MAKING SOCIAL VIDEO WORK FOR YOU
A TOOLKIT FOR GETTING STARTED
You will learn how easy, inexpensive and impactful it can be to use social video in your marketing campaigns.
A new chapter will arrive in your inbox every day, with a new challenge to help you create your campaign step by step.
PART #5: PREPARING, SHOOTING AND EDITING
Now that you have your creative ideas organised and an understanding of the channels available to you, it’s time to get on with producing your video. We’ve structured today’s content into 3 stages that support the whole process of production from start to finish.
Today’s challenge sheet will help you practise your creating thinking and story telling for your shoot day(s).
STEP 1: CREATING A STORYBOARD
You might think that creating a storyboard is strictly for seasoned creatives but we can tell you this is not necessarily the case. A storyboard is simply a visualisation of the shots that you will need to capture to tell your story, usually with the script for any audio written underneath each frame. Obviously, if you have a designer to hand who has the time to help you out, get them signed up. But if you’re going solo on this, don’t worry, a degree in illustration is not required, stick figures are fine.
You need the story board for two reasons:
1) to plan your shoot – without it you could end up wasting time and money, and even failing to get everything you wanted to
2) to communicate your idea to others – you’re bound need buy-in from your colleagues and you definitely need input, the storyboard can evolve over time as you incorporate what they have to say.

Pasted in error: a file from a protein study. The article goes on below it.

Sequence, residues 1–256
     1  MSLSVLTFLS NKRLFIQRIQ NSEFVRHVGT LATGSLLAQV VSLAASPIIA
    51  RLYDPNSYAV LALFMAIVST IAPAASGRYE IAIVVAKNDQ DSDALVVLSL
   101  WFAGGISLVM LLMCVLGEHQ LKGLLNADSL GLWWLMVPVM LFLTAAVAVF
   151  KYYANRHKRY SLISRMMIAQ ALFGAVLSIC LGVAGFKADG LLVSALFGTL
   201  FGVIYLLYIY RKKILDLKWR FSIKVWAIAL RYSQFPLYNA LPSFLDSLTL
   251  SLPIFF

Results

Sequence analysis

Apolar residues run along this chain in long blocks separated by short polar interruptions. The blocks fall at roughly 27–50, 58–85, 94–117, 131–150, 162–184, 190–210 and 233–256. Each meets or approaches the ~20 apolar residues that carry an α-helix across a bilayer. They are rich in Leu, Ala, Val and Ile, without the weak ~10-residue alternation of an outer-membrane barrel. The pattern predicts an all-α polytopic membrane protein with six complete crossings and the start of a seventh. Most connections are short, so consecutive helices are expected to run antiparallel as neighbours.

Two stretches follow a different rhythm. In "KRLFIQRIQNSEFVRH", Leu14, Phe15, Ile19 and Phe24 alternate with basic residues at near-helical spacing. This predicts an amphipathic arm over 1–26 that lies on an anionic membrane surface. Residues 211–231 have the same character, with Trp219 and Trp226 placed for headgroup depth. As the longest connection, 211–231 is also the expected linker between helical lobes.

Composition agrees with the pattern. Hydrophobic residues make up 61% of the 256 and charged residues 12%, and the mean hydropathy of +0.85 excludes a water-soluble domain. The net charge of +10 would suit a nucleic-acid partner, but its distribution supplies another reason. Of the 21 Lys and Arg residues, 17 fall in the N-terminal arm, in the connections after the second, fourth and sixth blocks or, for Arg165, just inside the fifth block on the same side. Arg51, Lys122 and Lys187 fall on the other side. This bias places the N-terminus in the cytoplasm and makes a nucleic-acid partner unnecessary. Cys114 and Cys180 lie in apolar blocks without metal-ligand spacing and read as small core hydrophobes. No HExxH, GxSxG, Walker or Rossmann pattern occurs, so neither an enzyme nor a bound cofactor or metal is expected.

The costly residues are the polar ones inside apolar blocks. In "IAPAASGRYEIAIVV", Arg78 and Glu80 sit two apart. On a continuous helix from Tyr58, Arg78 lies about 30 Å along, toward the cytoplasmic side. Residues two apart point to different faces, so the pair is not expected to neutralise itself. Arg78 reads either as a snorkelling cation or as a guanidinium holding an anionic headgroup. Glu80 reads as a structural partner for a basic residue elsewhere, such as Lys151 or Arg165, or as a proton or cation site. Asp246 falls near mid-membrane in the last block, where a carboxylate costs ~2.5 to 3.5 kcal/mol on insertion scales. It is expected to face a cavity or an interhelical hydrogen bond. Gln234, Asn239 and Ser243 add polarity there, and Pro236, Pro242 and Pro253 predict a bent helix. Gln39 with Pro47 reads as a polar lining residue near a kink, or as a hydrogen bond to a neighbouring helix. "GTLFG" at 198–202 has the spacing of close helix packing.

STEP 2: SHOOTING YOUR FOOTAGE
– If the camera is not supposed to be moving while shooting, use a tripod (available for smart phones) or a wall etc.
– If you’re outside, make sure the sun is behind you. If you’re inside, your subject (people or otherwise) need to be well lit.
– Make sure your shot list accounts for the needs of the channels you’re going to publish your content on, e.g. are you capturing a widescreen video but making sure a square crop for Instagram can be made from the footage?
– Having done some solid planning prior to the shoot day, you can probably allow yourself a little freedom to experiment. Don’t waste hours but try things like switching from filming at a distance to getting up close to the action.
– If you are using an animator, you obviously have a decent budget. Be frugal with it by making sure the plan for the animation is crystal clear before starting.
STEP 3: EDITING YOUR VIDEO
Your narrative will really take shape in how you cut from one shot to the next. Whether you’re doing the editing or a colleague has volunteered, as the project owner, it’s critical that you are happy at this stage. Here are some great tools to help you out:
Lightworks: A free tool that has been used on Hollywood feature films and is intended to offer professional software to everyone. Arguably the best option available but tricky to learn, particularly if you’re not familiar with video editing.
Hitfilm Express: Pro quality features in a free tool including lots of filters and masking options, and if you need more from it later you can upgrade by paying for additional features. The only draw back is that you will need a fairly powerful computer.
Filmora: A paid tool but very reasonably priced with a free trial, and you only buy once with no subscription required. Really easy to learn and you can export directly to any social media channel.
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